The Summer of Punk rolled on and Punk became like Mega-Heel vs. Rudoctopus. The Punker was on fire and let out performance after performance of just straight heel perfection. I’ve always theorized that Punk is at his best when CM stands for “Chickenshit Memphis”. His dates were never announced ahead of time, and every match seemed like it could be his last.  Wrestling fans may know it’s fixed but there’s something in our human nature about wanting a satisfying conclusion (Fuck you Lost) even when we know it’s not real. After losing the belt to James Gibson, Punk returned home to Chicago for his “fa real real not fa play play “(Foxxxy Love) farewell celebration. As far as goodbyes in wrestling can go, few can ever match the emotion. The man who carried ROH on his back for two years, the man who helped define internet wrestling and the man who nobody fully expected to was heading to the show. Grown men wept, women cried, Punk was a wreck and the Bouncing Souls made it that much worse (sadder in a good way) by encapsulating one man’s feelings in another man’s words. He rode off into the sunset like Shane, with all of us begging for him to come back. He could go one day but not just yet. Please Punk, give us just one more Joe match. Give us just one more Chris Hero match. Just please Punker, say it ain’t so.

Then, for the first time in about a year, CM Punk wasn’t a constant fixture in my internet wrestling life. It’s almost like when your dog dies for the first time (I wrote this and realized I may have implied zombie dogs. I kept it in because it sounds awesome) and you wander around the house wondering where he is until you realize and get sad all over again. It wasn’t sadness, but a John Travolta esque “Wonder what he’s doing now?” (CM Punk for Wild Hogs 2).  He’s wasn’t dead, but rather in OVW (insert talent goes to die joke here) where his internet presence was so huge that people actually began downloading OVW television shows.  I don’t care how much people act like he didn’t matter, I didn’t know anything about OVW, other then Leviathan was Batista until CM Punk came along. After that I learned things like, “wow, Ken Doane is built like a triangle” and “Robbie Dawber is awesome”. After a memorable stint there, a legendary moment came on July 4th 2006.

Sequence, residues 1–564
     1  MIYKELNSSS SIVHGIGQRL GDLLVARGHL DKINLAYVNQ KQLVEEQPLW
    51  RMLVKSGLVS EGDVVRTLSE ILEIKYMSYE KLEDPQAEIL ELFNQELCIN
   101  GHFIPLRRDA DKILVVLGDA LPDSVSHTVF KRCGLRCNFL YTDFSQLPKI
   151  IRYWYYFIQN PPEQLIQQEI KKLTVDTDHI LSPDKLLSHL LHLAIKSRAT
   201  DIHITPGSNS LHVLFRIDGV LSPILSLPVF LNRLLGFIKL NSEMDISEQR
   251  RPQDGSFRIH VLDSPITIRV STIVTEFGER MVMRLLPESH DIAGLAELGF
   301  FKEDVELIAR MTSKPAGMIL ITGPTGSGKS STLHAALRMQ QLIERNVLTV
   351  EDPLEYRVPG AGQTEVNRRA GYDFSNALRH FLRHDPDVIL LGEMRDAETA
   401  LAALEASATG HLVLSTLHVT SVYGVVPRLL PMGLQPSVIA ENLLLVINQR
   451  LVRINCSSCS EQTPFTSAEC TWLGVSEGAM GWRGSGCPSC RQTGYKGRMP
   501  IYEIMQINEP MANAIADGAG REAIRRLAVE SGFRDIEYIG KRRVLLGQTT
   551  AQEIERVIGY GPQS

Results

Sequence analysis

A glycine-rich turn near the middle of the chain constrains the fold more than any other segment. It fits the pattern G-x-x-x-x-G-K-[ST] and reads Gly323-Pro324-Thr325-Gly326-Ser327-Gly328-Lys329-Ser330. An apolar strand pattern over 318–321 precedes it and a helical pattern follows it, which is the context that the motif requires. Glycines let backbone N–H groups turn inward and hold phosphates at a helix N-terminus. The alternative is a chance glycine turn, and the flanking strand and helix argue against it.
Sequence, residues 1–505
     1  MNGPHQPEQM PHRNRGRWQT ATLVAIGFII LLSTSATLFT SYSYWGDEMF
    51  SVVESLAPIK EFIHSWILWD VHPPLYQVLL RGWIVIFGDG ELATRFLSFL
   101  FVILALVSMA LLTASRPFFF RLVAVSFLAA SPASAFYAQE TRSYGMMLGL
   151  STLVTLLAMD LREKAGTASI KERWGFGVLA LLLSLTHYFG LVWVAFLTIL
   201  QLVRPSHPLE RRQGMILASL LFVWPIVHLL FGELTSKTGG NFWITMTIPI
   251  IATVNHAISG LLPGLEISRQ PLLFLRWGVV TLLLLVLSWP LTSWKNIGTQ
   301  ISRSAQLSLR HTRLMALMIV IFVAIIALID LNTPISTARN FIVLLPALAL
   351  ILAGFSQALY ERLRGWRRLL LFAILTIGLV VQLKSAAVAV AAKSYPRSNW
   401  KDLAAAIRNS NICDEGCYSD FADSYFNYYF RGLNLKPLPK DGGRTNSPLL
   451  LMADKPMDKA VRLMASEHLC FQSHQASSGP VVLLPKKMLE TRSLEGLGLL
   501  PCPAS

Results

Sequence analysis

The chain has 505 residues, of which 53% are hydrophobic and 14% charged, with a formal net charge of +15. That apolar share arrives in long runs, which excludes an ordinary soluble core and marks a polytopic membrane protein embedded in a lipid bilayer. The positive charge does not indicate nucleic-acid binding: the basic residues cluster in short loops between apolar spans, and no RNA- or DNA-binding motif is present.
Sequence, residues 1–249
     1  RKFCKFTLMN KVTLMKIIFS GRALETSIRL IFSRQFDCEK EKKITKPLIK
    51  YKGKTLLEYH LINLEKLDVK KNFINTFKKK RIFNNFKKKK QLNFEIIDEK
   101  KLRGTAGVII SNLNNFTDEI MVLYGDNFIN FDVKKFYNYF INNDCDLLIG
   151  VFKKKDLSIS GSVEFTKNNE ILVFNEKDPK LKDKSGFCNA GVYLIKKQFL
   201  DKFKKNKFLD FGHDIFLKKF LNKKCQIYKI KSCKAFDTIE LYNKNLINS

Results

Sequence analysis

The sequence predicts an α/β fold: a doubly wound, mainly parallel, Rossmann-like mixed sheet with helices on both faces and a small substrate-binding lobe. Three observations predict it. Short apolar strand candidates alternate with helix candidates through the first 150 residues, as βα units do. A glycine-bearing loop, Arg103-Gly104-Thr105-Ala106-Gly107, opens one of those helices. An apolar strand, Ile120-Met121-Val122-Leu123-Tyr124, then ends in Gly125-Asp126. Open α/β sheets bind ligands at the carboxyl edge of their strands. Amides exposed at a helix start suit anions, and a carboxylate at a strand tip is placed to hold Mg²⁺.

Don’t let these tattoos fool you. I’m straight edge. I’m a man of great discipline. I don’t drink. I don’t smoke. I don’t do drugs. My addiction is wrestling. My obsession is competition. Discipline. My name is CM Punk.

There are very few moments in my life I scream “YES!” repeatedly, legitimately get out of my seat and fist pump during televised professional wrestling. This was moment number 3 (Mick Foley and Sting’s title wins are the first two. Punk has three more on the list later on). With that, the ball was rolling and CM Punk was in ECW. It was a match made in heaven. The man was anointed as our personal savior against the evils of Vince McMahon and like a star player; we valued him as something more than human.  When people went after Punk, we decreed it a personal attack on our own values and ideals. When CM Punk’s undefeated streak was ended by Bob Holly,  that was an affront to the very foundation of professional wrestling.  He lost to somebody who wasn’t a certified main eventer and to us that meant WWE had no faith and him and he was in “the doghouse”. Punk seemed to spend his entire WWE career in the doghouse and WWE sabotaged his career with multiple world title wins and hot angles. In 2006, Punk became the face of ECW.  With Rob Van Dam leaving, ECW became more about CM Punk then it did about any of the “ECW Originals”.  He and John Morrison began their long feud, which a lot of people don’t remember as starting off rather shaky. Their matches were disappointing and not memorable; until Johnny Morrison decided to “take a mandated 30 day vacation” and CM Punk won the ECW World Title.  The match was the first time that they truly clicked and they picked of hell of a great time to do so. Watching that match still gives me chills. He had peaked at that point…right? I mean he won the ECW Title, was a star on a third tier brand and was nailing that chick who pronounced things wrong. Where is there to go but down?